Mark Gjonaj (// JOH-nye) is an American politician of the Democratic Party. He has served in the New York City Council from the 13th district since 2018. He represented district 80 of the New York State Assembly from 2013 to 2017. His district encompasses Morris Park, Pelham Parkway, Pelham Gardens, and Norwood, among other communities located in the Borough of the Bronx.
|Member of the New York City Council from the 13th district|
|Assumed office |
January 1, 2018
|Preceded by||James Vacca|
|Member of the New York State Assembly from the 80th district|
January 1, 2013 – December 31, 2017
|Preceded by||Naomi Rivera|
|Succeeded by||Nathalia Fernandez|
|Born||Bronx, New York|
|Alma mater||St. John's University|
Early life and educationEdit
Gjonaj is the president of M P Realty Group Corp., a real estate brokerage firm that he founded in 1999. His political experience prior to election was as a member of the New York City Taxi and Limousine Commission.
New York State AssemblyEdit
Gjonaj defeated incumbent assemblywoman Naomi Rivera in the 2012 Democratic primary race, in a district which, due to mandatory re-districting, incorporated a large part of the borough previously part of the 81st District represented by Jeffrey Dinowitz. On November 6, 2012, he won the general election with 79% of the vote.
New York City CouncilEdit
In 2017, Gjonaj entered the race to represent the 13th District of the New York City Council, to replace Councilman James Vacca, who had to step down due to term limits. At the time of the primary election, he was seen as a leading candidate, due to the large amount of financing he had received, much of it from the real estate industry and other sources outside of the district, for which he was criticized by his opponents. Gjonaj won the five-way primary with 39% of the vote, over the out-going Vacca's endorsed candidate, Marjorie Velazquez, who won 34%, and third-place John Doyle's 19%.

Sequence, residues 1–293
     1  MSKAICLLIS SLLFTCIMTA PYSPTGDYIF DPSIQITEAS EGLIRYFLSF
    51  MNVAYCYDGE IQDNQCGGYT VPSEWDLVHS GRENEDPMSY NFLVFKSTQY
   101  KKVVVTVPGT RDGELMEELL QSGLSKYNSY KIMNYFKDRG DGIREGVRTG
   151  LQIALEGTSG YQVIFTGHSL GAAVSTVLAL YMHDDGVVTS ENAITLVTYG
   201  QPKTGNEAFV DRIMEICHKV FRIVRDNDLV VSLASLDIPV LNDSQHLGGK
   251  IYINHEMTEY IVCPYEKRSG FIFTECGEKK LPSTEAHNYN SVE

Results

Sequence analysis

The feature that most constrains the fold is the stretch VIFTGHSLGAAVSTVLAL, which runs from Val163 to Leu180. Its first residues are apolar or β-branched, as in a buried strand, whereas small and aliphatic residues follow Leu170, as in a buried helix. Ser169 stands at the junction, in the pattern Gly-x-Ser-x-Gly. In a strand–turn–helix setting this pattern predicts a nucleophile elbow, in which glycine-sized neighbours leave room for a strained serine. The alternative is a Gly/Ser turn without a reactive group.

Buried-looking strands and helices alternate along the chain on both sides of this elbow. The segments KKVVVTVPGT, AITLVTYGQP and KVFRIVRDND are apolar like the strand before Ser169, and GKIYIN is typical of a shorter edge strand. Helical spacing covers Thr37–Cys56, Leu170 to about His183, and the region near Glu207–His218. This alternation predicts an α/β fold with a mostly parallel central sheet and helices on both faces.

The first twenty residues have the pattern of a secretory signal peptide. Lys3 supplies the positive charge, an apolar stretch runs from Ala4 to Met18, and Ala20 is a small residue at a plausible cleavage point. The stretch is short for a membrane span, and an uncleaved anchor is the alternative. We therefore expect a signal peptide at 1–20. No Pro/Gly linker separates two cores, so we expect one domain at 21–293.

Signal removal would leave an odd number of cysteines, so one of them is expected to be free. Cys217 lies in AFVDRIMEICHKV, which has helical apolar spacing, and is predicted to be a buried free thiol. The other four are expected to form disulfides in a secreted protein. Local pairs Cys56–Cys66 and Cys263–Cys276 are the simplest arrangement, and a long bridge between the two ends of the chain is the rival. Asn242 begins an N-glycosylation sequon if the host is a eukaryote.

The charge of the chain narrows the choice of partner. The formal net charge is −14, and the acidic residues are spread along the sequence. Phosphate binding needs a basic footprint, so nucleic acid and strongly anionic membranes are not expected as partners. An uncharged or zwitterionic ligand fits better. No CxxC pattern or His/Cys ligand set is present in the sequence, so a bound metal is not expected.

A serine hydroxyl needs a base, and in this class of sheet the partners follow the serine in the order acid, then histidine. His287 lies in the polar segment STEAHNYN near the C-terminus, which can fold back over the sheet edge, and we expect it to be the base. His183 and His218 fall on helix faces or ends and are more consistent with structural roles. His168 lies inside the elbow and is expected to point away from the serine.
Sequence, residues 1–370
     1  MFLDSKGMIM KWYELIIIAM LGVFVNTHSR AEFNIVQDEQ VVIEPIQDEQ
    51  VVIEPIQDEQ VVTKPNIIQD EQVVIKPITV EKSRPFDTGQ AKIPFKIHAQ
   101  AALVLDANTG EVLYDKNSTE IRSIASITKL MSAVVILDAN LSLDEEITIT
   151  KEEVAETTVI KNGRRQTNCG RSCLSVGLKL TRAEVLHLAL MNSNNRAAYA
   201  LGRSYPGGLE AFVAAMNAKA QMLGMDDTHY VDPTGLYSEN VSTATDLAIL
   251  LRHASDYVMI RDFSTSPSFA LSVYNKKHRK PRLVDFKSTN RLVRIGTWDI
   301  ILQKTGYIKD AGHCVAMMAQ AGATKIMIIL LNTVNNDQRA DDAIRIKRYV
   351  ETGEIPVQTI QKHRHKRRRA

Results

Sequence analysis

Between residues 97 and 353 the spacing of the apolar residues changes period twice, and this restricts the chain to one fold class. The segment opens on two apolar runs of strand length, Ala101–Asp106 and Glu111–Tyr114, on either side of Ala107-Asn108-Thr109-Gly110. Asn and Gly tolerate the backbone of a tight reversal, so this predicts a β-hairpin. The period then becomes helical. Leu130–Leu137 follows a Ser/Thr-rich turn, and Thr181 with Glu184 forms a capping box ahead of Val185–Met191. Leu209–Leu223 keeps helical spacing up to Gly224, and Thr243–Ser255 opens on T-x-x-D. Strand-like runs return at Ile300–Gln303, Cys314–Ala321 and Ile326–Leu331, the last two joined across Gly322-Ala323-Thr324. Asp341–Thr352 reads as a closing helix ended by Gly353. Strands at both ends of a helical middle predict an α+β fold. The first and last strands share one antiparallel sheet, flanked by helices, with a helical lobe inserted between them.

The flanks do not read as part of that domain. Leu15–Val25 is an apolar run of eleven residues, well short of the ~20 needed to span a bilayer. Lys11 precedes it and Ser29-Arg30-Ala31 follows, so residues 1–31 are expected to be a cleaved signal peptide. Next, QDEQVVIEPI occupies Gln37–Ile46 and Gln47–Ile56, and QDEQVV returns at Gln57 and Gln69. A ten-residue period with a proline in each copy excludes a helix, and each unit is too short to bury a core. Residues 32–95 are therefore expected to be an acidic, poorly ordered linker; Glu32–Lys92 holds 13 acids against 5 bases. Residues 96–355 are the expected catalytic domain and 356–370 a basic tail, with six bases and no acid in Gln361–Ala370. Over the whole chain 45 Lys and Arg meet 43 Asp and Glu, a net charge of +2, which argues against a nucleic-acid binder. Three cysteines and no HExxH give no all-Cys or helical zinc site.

On November 8, 2017, Gjonaj won his bid to replace New York City Councilman James Vacca, defeating the Republican candidate John Cerini by a margin of 49% to 36%.
|2012||General||√ Mark Gjonaj (D)||22,386||77.76%|
|Nicole J. Torres (R)||2,600||7.92% |
|Naomi Rivera (WFP)||2,186||6.66% |
|Patrick A. McManus (Cons)||861||2.62% |
|William Edstrom (Green)||274||0.83% |
|2014||General||√ Mark Gjonaj (D)||9,816||77.76%|
|Robert Goodman (R/Cons)||1,892||14.99% |
|2016||General||√ Mark Gjonaj (D)||24,959||70.50%|
|Nicholas Marricco (R)||3,391||9.58% |
|Robert Goodman (Cons)||953||2.69%|
|2017||Democratic Primary||√ Mark Gjonaj||3,503||38.46%|
|Marjorie Velazquez||3,113||34.14% |
|John C. Doyle||1,728||18.97%|
|2017||General||√ Mark Gjonaj (D)||10,602||48.62%|
|John Cerini (R/Cons/Reform)||7,791||35.73%|
|Marjorie Velazquez (WFP)||2,829||12.97%|
- Goodman, J. David (12 September 2017). "Local Issues Dominate New York City Council Elections". Retrieved 6 February 2018 – via NYTimes.com.
- "Albanian-American realtor challenges incumbent Bronx Assemblywoman". Retrieved 5 June 2017.
- "Archived copy". Archived from the original on 2016-03-04. Retrieved 2015-07-12.CS1 maint: Archived copy as title (link)
- Kratz, Alex (September 20, 2012). "Naomi Rivera Defeated Soundly in Assembly Primary By Hard-Working Challenger". Bronx News. Retrieved 11 November 2012.
- Kratz, Alex (November 7, 2012). "No Surprises in Local Election Results as Democrats Sweep the Bronx". Norwood News. Retrieved 11 November 2012.
- Ben Max (May 1, 2017). "Candidates for 2017 City Elections". Gotham Gazette.
- Ross Barkan (September 8, 2017). "Bronx Assembly Member Mark Gjonaj Is Trying to Spend His Way Onto the City Council". Village Voice.
- Jonathan Gomez (August 25, 2017). "Frontrunner Becomes Top Issue in East Bronx Council Race". CityLimits.org.
- Max, Ben. "2017 New York City Primary Election Results". Retrieved 13 September 2017.
- "Election Results: De Blasio Wins Second Term as New York City Mayor". The New York Times. ISSN 0362-4331. Retrieved 2017-11-08.
| New York City Council, 13th District
| New York Assembly, 80th District
|This article about a member of the New York State Assembly is a stub. You can help Wikipedia by expanding it.|